Definitive therapy appears to improve survival in men with early-stage prostate cancer, researchers from the University of Utah, Salt Lake City, reported.
Definitive therapy appears to improve survival in men with early-stage prostate cancer, researchers from the University of Utah, Salt Lake City, reported. The magnitude of the benefit on prostate cancer-specific mortality or any-cause mortality was similar for both brachytherapy and surgery, regardless of patient age.
In all, 60,290 men diagnosed with organ-confined, low- and moderate-grade prostate cancer between 1988 and 2002 were retrospectively identified from centers participating in the National Cancer Institute's Surveillance, Epidemiology, and End Results Program. Prostate cancer-specific mortality and any-cause mortality were determined. Outcomes for patients treated by brachytherapy, surgery, or those who received no definitive treatment were compared using the Wilcoxon test, stratified by T-stage and grade, and using multivariate analysis (Cancer 2006; 107:2392-400).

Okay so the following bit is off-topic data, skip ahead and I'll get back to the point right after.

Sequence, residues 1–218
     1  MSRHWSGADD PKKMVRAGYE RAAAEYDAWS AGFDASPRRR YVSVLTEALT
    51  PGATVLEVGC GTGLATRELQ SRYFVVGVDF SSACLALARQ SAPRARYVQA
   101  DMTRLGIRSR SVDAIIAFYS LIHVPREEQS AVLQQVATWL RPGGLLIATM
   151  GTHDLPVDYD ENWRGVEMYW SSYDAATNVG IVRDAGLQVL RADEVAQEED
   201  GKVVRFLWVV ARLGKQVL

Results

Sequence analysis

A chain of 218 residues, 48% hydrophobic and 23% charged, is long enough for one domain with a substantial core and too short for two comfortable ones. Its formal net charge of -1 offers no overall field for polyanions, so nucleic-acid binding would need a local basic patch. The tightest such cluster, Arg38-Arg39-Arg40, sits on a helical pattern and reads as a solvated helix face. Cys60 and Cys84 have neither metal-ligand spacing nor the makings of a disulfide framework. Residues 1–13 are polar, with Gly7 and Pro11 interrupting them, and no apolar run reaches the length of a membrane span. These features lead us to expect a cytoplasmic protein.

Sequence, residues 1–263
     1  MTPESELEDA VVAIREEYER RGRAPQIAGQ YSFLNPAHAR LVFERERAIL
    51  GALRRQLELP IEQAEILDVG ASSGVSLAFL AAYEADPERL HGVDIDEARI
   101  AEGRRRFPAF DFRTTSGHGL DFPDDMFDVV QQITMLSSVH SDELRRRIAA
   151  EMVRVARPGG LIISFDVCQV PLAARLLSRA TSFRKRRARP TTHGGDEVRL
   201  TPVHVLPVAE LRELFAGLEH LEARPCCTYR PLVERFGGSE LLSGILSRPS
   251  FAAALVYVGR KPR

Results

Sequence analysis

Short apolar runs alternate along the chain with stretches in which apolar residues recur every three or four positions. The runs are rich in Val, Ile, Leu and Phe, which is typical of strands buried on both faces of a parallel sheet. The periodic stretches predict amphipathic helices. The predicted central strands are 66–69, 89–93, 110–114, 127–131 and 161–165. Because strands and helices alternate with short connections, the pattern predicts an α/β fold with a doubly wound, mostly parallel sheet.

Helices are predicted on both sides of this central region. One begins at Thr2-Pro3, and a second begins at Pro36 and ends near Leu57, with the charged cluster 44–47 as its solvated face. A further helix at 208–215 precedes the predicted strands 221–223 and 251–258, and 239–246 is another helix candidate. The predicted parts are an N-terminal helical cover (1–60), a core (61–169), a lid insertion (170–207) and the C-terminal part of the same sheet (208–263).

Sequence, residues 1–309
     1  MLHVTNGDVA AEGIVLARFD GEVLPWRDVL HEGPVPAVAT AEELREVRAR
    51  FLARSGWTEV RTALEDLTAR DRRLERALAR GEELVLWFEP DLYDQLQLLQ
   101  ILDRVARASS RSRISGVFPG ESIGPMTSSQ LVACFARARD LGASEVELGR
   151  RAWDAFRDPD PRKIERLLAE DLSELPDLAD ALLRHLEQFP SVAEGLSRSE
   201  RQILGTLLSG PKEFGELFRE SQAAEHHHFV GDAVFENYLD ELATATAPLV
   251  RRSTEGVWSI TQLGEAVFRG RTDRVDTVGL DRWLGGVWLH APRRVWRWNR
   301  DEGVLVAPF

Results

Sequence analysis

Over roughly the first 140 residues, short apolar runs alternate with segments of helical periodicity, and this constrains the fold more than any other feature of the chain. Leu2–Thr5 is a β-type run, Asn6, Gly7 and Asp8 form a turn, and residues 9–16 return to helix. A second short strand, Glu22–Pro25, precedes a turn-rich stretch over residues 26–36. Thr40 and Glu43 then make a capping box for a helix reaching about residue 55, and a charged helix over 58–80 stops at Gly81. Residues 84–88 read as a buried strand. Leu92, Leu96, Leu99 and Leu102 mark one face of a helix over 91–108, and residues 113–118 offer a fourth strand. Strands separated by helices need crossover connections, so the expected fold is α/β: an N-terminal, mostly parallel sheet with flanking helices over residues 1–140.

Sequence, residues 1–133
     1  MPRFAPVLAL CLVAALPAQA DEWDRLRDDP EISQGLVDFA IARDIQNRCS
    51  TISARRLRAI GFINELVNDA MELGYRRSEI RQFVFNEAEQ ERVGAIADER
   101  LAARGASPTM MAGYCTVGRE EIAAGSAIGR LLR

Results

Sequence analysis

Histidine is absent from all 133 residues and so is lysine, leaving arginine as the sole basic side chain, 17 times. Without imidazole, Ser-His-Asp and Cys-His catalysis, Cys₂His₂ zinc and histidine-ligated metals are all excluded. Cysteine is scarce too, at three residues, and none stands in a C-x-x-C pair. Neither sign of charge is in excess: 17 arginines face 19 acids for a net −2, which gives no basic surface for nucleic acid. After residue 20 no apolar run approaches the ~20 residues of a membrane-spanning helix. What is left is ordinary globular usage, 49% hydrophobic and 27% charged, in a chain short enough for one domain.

Median follow-up time was 46 months (range, 0-189 months). For men under age 60 years at diagnosis, prostate cancer-specific mortality at 10 years was 1.3%, 0.5%, and 3.7% for surgery, brachytherapy, and no definitive therapy, respectively. For men 60 years of age and older, the prostate cancer-specific mortality was 3.8%, 5.3%, and 8.4%, respectively.
On univariate and multivariate analysis, surgery and brachytherapy resulted in statistically equivalent prostate cancer-specific mortality and any-cause mortality, and both had a significantly lower prostate cancer-specific mortality and any-cause mortality versus no definitive therapy, according to the study’s authors.